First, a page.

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Finding the Right IM App for My Smartphone

I own a Tmobile MDA, and I was none too pleased with the OZ IM software that came preinstalled on the device. I upgraded to the MDA from a Sidekick II not too long after its initial release. I wanted the services that I got on the Sidekick, plus the benefits of ActiveSync, for linking with an Exchange Server or files and applications from the desktop. So this meant I was going to need reliable IM services, but that’s not what I got.

I own a Tmobile MDA, and I was none too pleased with the OZ IM software that came preinstalled on the device. I upgraded to the MDA from a Sidekick II not too long after its initial release. I wanted the services that I got on the Sidekick, plus the benefits of ActiveSync, for linking with an Exchange Server or files and applications from the desktop. So this meant I was going to need reliable IM services, but that’s not what I got.

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For one, there were separate logins for AIM, Yahoo! Messenger, and MSN Messenger — and there was no Google Talk. For the legions of us that use such free IM clients as Trillian, Adium, or Fire on our desktops — with the ability to log into all four of these services plus ICQ and any Jabber account simultaneously, maintain a chat history log, and view all conversations in one window — the OZ way is so byzantine.

As well, every time I tried to log into my AIM account, the software would just hang. Well after several emails to Tmobile’s customer service, and conversations with reps on the phone, I found out that there were Yahoo! and AIM issues. Later, I found that one of the AIM issues was OZ’s inability to load a long buddy list. I was informed that I should create a new username for mobile usage. Uh, no, I don’t think so, I’ve had this screen name since the late ’90s. No thanks.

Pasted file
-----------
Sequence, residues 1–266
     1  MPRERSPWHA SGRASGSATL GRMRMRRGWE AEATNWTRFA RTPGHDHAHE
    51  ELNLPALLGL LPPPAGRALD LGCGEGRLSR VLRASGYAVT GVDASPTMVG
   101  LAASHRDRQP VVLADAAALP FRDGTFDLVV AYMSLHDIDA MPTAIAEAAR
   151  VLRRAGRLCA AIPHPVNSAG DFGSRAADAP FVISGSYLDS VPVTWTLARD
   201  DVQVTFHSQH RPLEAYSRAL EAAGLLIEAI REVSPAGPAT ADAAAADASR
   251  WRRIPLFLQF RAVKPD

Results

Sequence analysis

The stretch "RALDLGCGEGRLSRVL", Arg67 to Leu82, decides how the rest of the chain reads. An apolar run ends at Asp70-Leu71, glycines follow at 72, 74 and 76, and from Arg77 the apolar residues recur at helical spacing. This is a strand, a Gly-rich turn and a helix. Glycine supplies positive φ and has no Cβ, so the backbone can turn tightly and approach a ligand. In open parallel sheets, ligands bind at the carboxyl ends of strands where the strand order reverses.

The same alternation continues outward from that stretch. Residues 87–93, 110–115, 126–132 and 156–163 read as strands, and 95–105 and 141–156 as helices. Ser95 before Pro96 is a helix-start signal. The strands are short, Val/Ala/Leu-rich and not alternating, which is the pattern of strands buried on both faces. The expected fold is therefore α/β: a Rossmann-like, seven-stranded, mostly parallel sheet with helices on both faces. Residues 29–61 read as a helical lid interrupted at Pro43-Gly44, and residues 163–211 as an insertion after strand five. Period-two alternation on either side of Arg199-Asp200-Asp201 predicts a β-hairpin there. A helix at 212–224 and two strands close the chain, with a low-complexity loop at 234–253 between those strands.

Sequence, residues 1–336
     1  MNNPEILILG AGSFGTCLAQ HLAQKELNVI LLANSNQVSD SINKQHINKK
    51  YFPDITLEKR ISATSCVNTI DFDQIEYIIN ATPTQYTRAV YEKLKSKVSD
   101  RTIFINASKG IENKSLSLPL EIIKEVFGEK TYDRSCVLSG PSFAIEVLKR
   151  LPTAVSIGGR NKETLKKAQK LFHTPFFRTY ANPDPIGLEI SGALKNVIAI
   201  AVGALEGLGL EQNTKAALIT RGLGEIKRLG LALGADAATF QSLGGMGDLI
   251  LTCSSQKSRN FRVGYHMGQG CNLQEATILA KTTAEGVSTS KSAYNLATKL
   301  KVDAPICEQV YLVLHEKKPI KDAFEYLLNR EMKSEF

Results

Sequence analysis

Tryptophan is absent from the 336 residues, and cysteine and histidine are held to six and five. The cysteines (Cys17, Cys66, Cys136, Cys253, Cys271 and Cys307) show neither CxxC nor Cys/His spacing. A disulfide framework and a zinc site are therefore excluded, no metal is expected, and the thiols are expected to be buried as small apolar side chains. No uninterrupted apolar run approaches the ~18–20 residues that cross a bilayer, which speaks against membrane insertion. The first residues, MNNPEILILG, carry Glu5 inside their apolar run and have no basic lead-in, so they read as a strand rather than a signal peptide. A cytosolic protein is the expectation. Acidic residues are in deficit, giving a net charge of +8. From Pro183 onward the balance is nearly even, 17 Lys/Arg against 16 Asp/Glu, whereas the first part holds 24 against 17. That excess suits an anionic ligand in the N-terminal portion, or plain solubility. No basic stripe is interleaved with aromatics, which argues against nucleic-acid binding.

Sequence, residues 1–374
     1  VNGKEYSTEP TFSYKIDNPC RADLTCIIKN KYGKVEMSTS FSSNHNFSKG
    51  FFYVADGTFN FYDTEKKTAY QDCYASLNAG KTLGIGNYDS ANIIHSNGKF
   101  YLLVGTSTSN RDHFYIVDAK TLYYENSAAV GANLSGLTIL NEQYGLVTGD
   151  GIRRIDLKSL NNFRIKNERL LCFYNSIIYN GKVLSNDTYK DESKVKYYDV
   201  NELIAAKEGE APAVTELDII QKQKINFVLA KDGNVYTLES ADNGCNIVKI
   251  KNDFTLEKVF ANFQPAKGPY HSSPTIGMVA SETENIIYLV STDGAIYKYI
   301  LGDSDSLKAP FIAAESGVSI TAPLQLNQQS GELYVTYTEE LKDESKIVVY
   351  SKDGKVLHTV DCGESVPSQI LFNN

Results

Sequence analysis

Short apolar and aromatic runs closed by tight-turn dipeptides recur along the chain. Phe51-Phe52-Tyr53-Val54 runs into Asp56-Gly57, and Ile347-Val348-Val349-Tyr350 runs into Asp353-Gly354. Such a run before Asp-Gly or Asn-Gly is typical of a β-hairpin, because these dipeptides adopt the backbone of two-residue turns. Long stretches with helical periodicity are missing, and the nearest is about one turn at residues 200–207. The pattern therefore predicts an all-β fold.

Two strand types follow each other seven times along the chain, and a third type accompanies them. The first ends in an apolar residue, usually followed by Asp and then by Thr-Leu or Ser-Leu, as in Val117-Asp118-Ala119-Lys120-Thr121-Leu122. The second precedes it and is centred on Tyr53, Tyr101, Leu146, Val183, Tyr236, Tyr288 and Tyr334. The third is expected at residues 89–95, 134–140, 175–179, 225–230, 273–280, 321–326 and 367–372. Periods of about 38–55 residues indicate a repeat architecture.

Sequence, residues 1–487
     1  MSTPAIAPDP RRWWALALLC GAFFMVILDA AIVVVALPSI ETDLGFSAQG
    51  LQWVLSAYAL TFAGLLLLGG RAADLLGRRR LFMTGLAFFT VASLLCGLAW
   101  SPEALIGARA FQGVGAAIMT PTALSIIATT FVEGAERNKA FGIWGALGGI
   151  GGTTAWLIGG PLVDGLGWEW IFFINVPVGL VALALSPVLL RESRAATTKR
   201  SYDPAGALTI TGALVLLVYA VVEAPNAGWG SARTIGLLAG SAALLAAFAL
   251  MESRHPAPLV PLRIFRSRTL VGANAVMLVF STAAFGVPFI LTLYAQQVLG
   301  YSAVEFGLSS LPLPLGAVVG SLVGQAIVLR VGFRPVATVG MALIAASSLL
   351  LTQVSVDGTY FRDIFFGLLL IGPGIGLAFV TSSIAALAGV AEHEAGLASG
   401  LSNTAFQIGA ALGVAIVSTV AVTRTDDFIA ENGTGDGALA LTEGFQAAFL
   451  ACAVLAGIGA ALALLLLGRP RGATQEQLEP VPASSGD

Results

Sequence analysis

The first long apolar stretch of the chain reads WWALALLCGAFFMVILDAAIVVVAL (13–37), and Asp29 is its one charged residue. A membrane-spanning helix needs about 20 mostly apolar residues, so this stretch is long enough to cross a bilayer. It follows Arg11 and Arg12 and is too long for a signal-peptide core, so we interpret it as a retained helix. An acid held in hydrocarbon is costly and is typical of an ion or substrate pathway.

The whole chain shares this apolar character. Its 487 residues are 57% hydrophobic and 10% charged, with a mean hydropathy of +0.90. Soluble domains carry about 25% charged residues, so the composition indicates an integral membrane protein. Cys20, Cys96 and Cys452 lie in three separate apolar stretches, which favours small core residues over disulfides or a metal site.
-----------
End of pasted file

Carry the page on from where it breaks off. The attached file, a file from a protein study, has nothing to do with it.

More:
I immediately decided that my situation sucked, and I would be better off going back to my Sidekick. But still, there were functions that the MDA offered that the Sidekick, at least the Sidekick II, did not.

Finally, a friend hipped me to Agile Mobile Messenger, and I tried it while it was in beta. I liked the way it worked, but it kind of slowed my phone down a bit and the program itself would often hang. Then after beta, Agile was going to charge $29.95 for annual usage. So, a couple of weeks ago, I started using something else.

Today, I have a paid subscription for WebMessenger and it’s not so bad. It does almost everything I need it to do. Most of all, everything else on my phone works normally when it’s on. In fact, I’ve only encountered one issue with it so far. There’s no intuitive hyperlinking and phone number detection, but the developers are working on it. Considering the fast response I received from tech support about this today, I’m not too worried about falling out of love with WebMessenger any time soon.

About the author

Lynne d Johnson is a Content + Community Consultant developing content and community strategies that help brands better tell their stories and build better relationships with people toward driving brand awareness, loyalty, and purchase intent. She has been writing about tech and media since the Web 1.0 days, most recently about how the future of consumer interactions will be driven by augmented reality and wearable tech.

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